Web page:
WASHINGTON (Reuters) — Inflation pressures grew slightly across most of the United States from April to mid-May, the Federal Reserve said on Wednesday in a report that also pointed to rising labor costs for American companies.
The Fed's Beige Book, a collection of anecdotal information from business contacts nationwide, found that labour markets appeared to be tightening despite "modest" job growth.
"Tight labor markets were widely noted in most districts," the Fed said, referring to the U.S. central bank's 12 regional branches. "Price pressure grew slightly in most districts."
The report could make Fed policymakers more comfortable that inflation is on track to rise back to the central bank's 2 percent target as they consider whether to raise interest rates in the coming months.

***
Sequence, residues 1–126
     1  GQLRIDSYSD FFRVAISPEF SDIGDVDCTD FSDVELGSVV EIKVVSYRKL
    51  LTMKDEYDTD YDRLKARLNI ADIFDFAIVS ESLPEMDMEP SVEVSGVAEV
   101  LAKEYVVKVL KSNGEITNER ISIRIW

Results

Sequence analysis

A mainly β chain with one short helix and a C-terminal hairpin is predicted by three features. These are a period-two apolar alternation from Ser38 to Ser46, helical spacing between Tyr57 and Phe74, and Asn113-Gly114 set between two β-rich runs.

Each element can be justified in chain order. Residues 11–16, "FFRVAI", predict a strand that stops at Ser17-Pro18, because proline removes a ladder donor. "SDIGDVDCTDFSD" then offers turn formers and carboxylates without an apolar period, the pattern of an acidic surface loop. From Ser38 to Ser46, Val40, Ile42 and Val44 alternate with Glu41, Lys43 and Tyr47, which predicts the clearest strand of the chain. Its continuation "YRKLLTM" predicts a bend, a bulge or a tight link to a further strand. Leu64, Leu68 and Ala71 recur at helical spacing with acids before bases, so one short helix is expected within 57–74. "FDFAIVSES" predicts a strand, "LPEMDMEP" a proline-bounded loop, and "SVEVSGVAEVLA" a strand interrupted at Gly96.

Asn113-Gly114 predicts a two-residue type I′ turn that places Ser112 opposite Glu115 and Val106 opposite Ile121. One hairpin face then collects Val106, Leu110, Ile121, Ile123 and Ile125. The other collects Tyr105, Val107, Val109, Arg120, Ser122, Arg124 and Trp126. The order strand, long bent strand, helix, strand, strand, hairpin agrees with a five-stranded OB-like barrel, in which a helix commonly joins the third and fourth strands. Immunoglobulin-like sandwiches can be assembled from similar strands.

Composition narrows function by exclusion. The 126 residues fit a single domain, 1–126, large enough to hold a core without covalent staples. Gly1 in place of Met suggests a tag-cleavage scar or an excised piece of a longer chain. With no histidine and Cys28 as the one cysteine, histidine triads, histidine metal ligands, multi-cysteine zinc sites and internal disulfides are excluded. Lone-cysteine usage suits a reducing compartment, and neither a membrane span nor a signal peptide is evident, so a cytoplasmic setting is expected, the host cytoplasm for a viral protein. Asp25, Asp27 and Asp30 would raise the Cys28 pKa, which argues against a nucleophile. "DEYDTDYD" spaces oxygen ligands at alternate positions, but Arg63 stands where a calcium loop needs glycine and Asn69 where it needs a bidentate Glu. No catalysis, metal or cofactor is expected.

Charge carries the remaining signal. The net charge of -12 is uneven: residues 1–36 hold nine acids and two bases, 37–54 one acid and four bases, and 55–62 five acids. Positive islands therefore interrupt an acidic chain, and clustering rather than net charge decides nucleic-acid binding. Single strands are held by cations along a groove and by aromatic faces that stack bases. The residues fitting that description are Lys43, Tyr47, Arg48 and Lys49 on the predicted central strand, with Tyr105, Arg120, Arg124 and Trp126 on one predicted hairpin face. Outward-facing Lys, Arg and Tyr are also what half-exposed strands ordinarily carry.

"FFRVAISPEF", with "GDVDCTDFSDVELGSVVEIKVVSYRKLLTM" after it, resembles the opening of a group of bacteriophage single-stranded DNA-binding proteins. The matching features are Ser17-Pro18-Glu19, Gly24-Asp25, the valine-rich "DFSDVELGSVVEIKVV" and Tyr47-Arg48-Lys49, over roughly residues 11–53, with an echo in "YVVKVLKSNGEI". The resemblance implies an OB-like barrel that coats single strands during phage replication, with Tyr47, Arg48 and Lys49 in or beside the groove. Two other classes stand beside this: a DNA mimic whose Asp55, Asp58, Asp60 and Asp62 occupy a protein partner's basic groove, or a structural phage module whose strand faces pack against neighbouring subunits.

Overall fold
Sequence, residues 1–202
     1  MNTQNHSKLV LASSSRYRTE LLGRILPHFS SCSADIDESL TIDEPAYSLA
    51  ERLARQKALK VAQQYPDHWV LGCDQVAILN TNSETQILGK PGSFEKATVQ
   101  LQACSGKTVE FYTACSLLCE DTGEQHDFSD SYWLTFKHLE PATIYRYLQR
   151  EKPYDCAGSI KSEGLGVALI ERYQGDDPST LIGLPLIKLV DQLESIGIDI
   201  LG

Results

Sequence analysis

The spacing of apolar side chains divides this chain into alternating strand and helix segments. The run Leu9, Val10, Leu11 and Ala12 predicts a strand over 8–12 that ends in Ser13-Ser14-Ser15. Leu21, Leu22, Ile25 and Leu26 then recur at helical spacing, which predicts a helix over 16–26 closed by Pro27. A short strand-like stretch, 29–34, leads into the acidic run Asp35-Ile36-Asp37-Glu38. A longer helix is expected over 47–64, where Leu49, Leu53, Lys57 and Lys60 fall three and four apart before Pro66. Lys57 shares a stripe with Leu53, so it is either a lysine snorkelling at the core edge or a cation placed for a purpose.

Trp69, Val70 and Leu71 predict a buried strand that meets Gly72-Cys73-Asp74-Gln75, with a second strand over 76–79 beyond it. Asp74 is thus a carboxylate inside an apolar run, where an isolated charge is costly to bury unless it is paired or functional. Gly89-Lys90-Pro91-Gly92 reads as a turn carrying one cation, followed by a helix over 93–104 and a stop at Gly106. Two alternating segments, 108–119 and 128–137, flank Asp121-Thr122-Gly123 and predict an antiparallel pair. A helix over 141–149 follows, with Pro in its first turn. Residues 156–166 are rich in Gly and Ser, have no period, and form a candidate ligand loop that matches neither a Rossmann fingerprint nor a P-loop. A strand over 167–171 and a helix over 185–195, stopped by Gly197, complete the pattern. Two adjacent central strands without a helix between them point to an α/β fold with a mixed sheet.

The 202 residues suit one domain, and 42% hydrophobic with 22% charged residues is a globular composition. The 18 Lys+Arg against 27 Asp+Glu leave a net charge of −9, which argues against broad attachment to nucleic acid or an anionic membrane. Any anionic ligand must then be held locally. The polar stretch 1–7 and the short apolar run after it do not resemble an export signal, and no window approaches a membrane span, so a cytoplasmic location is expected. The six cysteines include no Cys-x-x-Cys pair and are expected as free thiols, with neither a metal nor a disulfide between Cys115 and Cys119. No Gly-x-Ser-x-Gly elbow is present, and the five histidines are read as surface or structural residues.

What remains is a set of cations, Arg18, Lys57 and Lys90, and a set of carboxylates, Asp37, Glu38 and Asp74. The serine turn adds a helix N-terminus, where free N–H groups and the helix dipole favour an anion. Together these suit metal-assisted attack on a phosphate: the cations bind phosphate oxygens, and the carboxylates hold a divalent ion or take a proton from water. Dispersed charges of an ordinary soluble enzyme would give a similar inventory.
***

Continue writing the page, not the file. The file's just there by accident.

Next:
As has been customary since the 2007-2009 recession, the Beige Book described economic growth as modest.
Tighter labour markets appear to be fuelling higher wages for entry-level and lower-skill positions in parts of the South, while companies reported more wage pressures for higher skilled employees in the West and parts of the Midwest, according to the report.
In the New York district, which includes the New England states, a sizable share of contacts in the service sector reported higher wages.
Rising wages are seen by many economists as a harbinger of faster rates of inflation.
The Beige Book was compiled by the Minneapolis Fed with information collected before May 23, 2016.
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